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Mr. Badger’s Independence Day Linkfest

Mayor La Guardia on legal writing.

Dominique Srauss-Kahn prosecution: Reminiscent of Tawana Brawley? Or of Michael Nifong? Or is it just possible that there there is no thematic connection to be made, simply because DSK got “what most defendants never get — early  Brady material”?

Michael Cicchini: Bad as the job picture for newly minted lawyers might be nationally, in Wisconsin it’s positively grim. Josh Blackman: Think it’s bad now?

Michael O’Hear would like to threaten indifferent students with incarceration, but acknowledges that “that is emphatically not a power I should have.” The Seventh Circuit doesn’t appear to be similarly conflicted.

Video arraignments: here to stay.

The judge had performed stand-up comedy and thought that the public defender ‘shared his interest in comedy and humor.'”

“In Ex Parte Brown, decided June 21, 2011, the S.C. Supreme Court has finally held that lawyers are entitled to compensation for their services, and that denial of reasonable compensation is a violation of the Fifth Amendment’s Takings Clause.” (Decision, here.) Then there is Skagit County, Washington: “A unique class-action lawsuit filed in Skagit County accuses Mount Vernon and Burlington of violating defendants’ constitutionally protected right to counsel because the public defender is taking on more than double the number of cases the state bar says is a reasonable amount.”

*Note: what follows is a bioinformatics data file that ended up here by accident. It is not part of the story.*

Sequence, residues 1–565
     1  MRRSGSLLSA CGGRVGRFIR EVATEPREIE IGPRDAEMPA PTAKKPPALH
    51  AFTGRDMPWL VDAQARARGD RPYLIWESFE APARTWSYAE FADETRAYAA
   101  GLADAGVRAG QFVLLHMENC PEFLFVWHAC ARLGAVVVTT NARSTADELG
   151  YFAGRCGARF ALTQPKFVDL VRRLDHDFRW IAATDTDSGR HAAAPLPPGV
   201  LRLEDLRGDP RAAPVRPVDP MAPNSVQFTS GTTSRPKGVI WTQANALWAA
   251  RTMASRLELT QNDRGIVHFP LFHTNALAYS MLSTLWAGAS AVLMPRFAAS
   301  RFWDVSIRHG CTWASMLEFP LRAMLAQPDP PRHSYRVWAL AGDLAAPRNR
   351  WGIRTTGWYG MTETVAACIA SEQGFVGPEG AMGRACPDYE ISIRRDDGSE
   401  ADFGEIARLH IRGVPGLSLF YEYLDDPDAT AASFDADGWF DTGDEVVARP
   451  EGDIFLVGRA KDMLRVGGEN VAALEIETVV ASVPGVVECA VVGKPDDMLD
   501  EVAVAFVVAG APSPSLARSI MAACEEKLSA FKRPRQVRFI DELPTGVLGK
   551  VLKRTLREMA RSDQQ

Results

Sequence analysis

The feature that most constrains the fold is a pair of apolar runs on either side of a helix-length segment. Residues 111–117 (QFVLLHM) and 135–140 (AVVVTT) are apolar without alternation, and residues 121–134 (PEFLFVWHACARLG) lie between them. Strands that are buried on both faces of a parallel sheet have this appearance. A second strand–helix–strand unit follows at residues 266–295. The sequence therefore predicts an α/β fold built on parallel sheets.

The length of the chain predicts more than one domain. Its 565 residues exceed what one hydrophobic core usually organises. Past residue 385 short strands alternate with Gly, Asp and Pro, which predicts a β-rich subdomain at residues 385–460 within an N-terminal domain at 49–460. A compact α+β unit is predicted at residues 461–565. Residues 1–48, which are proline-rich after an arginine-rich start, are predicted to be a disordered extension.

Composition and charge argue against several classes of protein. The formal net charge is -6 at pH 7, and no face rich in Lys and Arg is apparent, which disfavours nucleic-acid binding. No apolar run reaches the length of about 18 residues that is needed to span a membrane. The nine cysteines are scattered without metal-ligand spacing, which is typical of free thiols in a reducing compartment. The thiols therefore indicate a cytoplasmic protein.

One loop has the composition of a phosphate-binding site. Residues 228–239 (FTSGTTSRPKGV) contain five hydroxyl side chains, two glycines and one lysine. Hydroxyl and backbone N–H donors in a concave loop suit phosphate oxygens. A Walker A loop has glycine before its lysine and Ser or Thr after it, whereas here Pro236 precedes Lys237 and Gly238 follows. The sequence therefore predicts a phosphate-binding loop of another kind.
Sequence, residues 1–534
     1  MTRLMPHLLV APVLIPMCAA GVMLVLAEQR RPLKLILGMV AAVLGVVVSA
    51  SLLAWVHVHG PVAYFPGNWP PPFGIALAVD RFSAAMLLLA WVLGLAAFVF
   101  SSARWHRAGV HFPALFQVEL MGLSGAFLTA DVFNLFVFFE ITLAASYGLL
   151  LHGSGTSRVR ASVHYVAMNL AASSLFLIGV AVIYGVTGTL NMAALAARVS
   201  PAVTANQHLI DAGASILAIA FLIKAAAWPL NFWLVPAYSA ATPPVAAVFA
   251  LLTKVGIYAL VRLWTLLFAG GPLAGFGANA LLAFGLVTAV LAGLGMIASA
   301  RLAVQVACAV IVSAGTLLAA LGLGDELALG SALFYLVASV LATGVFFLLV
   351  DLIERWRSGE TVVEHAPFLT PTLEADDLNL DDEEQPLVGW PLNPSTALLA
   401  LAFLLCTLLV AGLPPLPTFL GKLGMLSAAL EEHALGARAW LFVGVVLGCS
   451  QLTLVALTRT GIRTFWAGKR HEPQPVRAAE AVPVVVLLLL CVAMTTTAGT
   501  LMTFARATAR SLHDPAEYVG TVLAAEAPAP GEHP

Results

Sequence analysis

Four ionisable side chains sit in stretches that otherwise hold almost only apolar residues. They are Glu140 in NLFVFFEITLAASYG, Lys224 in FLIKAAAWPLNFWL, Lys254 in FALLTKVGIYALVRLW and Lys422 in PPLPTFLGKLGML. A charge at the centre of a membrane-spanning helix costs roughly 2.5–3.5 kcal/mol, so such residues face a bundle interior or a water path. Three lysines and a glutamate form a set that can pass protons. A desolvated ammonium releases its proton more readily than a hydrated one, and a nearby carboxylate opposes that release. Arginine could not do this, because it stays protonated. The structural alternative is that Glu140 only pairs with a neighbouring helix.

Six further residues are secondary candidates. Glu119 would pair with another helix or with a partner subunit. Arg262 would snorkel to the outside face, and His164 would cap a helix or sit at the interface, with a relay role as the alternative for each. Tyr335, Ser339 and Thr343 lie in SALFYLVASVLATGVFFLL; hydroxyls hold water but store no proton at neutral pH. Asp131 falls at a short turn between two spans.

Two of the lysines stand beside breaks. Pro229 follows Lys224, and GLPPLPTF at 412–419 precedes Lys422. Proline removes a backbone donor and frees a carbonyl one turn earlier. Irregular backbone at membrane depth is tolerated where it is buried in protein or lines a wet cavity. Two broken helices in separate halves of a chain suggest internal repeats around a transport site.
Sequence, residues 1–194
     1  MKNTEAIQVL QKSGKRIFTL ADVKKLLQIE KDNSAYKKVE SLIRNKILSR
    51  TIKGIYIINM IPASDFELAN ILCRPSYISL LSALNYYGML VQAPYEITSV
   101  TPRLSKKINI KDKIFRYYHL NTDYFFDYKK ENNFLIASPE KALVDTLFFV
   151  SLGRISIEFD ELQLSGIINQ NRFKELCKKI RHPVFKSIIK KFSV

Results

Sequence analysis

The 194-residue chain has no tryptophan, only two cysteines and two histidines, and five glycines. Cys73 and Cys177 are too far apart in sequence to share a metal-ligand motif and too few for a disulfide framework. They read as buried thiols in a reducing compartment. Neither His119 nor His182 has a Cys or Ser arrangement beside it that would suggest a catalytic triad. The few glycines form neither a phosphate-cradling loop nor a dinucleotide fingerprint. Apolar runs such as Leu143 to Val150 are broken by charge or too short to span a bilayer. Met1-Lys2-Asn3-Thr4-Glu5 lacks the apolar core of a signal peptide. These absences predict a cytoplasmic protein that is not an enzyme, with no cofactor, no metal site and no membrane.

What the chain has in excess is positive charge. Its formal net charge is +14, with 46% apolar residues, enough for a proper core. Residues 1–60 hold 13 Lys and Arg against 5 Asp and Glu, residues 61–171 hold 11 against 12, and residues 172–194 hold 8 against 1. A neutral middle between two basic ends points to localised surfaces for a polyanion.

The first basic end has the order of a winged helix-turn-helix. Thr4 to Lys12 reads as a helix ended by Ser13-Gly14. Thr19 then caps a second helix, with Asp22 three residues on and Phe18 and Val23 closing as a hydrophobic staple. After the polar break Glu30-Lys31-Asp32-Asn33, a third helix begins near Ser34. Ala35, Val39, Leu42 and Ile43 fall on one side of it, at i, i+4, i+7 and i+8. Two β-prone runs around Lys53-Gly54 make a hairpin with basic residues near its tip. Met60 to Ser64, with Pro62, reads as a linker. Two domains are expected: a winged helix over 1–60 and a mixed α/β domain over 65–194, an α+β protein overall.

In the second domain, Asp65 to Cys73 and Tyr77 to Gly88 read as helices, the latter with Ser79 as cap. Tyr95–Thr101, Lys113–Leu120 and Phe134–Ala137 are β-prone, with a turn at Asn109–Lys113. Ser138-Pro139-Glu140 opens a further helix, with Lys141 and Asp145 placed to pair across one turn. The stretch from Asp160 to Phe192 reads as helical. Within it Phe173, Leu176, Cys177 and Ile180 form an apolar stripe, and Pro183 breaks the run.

Search and seizure:

  • United States v. Gross, 6th Cir. No. No. 08-4051, 6/15/2011 (discovery of arrest warrant didn’t remove taint from illegal stop: “We do not wish to create a system of post-hoc rationalization through which the Fourth Amendment’s prohibition against illegal searches and seizures can be nullified.”); State v. Echols, Tenn. Crim. App. No. E2009-01697-CCA-R3-CD, 6/14/2011 (same). [Credit to John Wesley Hall for posting case summaries.]


  • Ocampo v. Vail, 9th Cir. No. 08-35586, 6/9/2011 (statement of non-testifying declarant, allowed into evidence by state court on theory the “testimony only implied the outlines of [the] statement,” violated confrontation: “it would be an unreasonable application of the core Confrontation Clause principle underlying Crawford to allow police officers to testify to the substance of an unavailable witness’s testimonial statements as long as they do so descriptively rather than verbatim or in detail.” Related discussion in State v. Linton post, under “Joinder/Severance);
  • U.S. v. Meises, 1st Cir Nos. 09-2235, 09-2239, 5/13/2011 (much the same: “government’s use of improper overview testimony from the lead law enforcement agent” violated confrontation. “It makes no difference that the government took care not to introduce Rubis’s ‘actual statements.'”) Richard Friedman has thoughts on both these cases, here.

From the academy:

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